Here’s how to get rid of WordPress’s Block Editor and get the good editor back — nebusresearch

Many thanks to Joseph Nebus for publishing this very helpful post for all of frustrated by WordPress’s latest “improvements.”

So I have to skip my planned post for right now, in favor of good news for WordPress bloggers. I apologize for the insular nature of this, but, it’s news worth sharing. This is how to dump the Block Editor and get the classic, or ‘good’, editor back. WordPress’s ‘Classic Editor Guide’ explains that you […]

Here’s how to get rid of WordPress’s Block Editor and get the good editor back — nebusresearch

HyFlex Teaching During the Pandemic (and Beyond?)

My university’s Vice President for Digital Strategy and Innovation asked me to write an essay on my experience with HyFlex teaching: simultaneously teaching students who are physically present in class while other students are at home (including those in quarantine). My essay was recently published on Medium, and I thought I’d place it here as well.

In Spring 2021, I was one of the relatively few instructors at my institution, the University of North Texas, who taught face-to-face classes. Several adjustments to face-to-face teaching were mandated by the university to mitigate the spread of COVID-19. Some of these requirements — for example, daily temperature checks with an oral thermometer, biweekly nasal COVID tests, mandatory masks for both instructors and students, spreading out 50 students in a lecture hall designed for over 300, and a prohibition against traditional small-group work — were prudent given the circumstances but will nevertheless be happily forgotten someday.

My university also required me to record my lectures so that any students in quarantine wouldn’t fall behind. Accordingly, I used Zoom and a document camera instead of my normal in-person method of using the chalkboard or whiteboard. Unwittingly, I found myself teaching in a hybrid flexible (HyFlex) style, a term I had heard of but had not experienced firsthand.

To my great surprise, this part of the COVID method of teaching an in-person class was warmly embraced by my students. Indeed, I’m deliberating how much of this COVID method to retain in my teaching practices long after the pandemic has passed. In this essay, I share some mechanics on these adjustments to my usual teaching style that I made as well as some thoughts on the efficacy of these methods.

While my own experience is limited to teaching mathematics courses, I hope that at least some of these thoughts might help instructors in other disciplines.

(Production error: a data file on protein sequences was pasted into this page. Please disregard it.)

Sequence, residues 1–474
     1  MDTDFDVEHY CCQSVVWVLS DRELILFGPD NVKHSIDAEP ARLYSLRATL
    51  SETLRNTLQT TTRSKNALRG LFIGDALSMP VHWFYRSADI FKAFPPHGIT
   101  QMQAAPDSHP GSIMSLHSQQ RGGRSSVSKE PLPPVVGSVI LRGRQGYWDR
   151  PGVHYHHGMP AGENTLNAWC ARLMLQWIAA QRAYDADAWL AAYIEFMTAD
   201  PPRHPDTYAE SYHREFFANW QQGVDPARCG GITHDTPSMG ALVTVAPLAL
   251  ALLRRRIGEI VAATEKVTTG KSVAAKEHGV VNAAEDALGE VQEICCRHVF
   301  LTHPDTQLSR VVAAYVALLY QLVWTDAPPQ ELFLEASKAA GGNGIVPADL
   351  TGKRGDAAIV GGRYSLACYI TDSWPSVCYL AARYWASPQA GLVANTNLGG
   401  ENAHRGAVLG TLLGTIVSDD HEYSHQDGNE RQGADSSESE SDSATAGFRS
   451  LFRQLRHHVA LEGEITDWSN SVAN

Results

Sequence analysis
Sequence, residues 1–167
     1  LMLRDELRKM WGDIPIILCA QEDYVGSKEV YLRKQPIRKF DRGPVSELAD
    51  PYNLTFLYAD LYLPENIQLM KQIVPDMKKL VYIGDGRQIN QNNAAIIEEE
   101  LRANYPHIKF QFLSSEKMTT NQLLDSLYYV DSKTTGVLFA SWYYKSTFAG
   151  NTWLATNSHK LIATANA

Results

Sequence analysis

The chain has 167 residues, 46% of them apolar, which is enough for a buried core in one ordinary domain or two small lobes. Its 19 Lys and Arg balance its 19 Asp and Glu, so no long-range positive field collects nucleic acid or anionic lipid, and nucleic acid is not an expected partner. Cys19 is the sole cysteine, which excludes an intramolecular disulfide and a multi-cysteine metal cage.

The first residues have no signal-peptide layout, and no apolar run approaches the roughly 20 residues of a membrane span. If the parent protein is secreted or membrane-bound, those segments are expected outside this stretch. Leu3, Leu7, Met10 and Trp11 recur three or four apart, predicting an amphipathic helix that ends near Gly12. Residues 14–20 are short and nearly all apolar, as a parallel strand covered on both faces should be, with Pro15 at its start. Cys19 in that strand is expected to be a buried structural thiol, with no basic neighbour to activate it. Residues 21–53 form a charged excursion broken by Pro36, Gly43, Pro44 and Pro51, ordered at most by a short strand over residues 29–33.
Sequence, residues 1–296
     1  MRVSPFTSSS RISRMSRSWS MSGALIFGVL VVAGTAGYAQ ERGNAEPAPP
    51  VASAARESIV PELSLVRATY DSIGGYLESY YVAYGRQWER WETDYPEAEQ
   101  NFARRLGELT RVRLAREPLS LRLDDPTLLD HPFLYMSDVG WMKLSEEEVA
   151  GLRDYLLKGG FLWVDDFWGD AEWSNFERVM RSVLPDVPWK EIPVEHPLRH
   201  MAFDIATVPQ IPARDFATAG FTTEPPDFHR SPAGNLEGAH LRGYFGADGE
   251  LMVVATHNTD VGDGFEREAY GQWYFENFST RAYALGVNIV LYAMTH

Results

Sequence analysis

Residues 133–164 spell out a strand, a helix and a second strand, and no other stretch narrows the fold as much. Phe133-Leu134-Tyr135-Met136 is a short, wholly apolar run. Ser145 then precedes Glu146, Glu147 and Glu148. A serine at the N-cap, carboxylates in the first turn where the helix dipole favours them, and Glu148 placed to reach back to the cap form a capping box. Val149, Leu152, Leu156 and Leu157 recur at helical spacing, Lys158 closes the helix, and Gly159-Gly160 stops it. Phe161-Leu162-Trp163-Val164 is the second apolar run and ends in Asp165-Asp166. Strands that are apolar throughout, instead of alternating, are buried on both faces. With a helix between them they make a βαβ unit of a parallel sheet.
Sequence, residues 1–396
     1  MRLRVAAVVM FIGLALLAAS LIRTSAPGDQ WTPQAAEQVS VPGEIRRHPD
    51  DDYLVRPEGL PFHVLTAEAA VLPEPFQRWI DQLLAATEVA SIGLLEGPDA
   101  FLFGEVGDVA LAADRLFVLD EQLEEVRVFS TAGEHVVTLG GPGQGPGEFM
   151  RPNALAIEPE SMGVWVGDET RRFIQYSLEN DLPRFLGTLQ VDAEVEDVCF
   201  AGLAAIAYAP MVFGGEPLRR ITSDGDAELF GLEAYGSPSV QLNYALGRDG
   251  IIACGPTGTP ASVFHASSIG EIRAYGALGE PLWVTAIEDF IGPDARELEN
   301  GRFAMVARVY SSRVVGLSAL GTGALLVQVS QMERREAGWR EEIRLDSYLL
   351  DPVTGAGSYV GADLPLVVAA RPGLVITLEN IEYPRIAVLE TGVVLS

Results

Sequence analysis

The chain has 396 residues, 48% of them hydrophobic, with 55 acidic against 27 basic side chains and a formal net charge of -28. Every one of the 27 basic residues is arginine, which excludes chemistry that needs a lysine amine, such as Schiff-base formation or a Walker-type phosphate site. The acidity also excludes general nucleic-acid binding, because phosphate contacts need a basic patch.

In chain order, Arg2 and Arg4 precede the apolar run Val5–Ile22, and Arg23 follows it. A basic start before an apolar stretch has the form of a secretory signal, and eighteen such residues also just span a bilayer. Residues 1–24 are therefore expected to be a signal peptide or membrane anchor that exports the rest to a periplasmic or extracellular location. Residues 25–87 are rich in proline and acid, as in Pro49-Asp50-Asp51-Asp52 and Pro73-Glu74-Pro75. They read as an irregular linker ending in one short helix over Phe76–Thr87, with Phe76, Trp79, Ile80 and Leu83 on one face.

Zoom. My use of Zoom for in-person classes wasn’t that different from how I taught from home in 2020. Before the semester, I created a dedicated Zoom ID for each course and posted it on Canvas. In this way, students in quarantine could attend class from home or else watch a recording on their own time. (More on this later.)

In class, I displayed the image from the document camera onto the in-class screen. I “pinned” the image from the document camera at full screen, so that only the projection from the document camera appeared on the main screen at its maximum possible size. (Before doing this, I had to wait until a student joined from home.) I also used Zoom to record my lectures in the cloud.

On the document camera, I adjusted the magnification so that one page-width was projected. I used the auto-focus feature to ensure that my handwriting was clear and then turned off the auto-focus before class started.

Even though I consider myself tech-savvy, I went to the classroom early to check for possible technological problems. Last semester, I found that I’d have to reset something about half the time — usually flipping the screen video, choosing the appropriate audio channel, or increasing the volume so that I could hear any students asking questions from home.

Colored pens. I splurged and spent about $40 on a nice set of a dozen pens of assorted colors. I wanted to make teaching with a document camera kind of like teaching with a white board, where I’d have about four different colored dry-erase markers at my disposal. By rotating pens and not overusing any one color, all of my pens lasted the entire semester even though I taught two classes with them.

I didn’t use a strict color-coding system, but I tried to be somewhat strategic about switching pen colors. I changed pens every time I started a new example. When appropriate, I switched pens in the middle of an example to do a side calculation or to break up a long calculation into smaller pieces.

It seems insubstantial, but my students absolutely loved the colored pens. In my course evaluations, they emphasized that the use of different colors helped them organize their thought processes.

To give a concrete example, below are some representative notes that I made during one of my lectures on differential equations. (I promise there won’t be a quiz at the end of this essay!) Most of the black handwriting came from my prepared notes; everything else was written during class.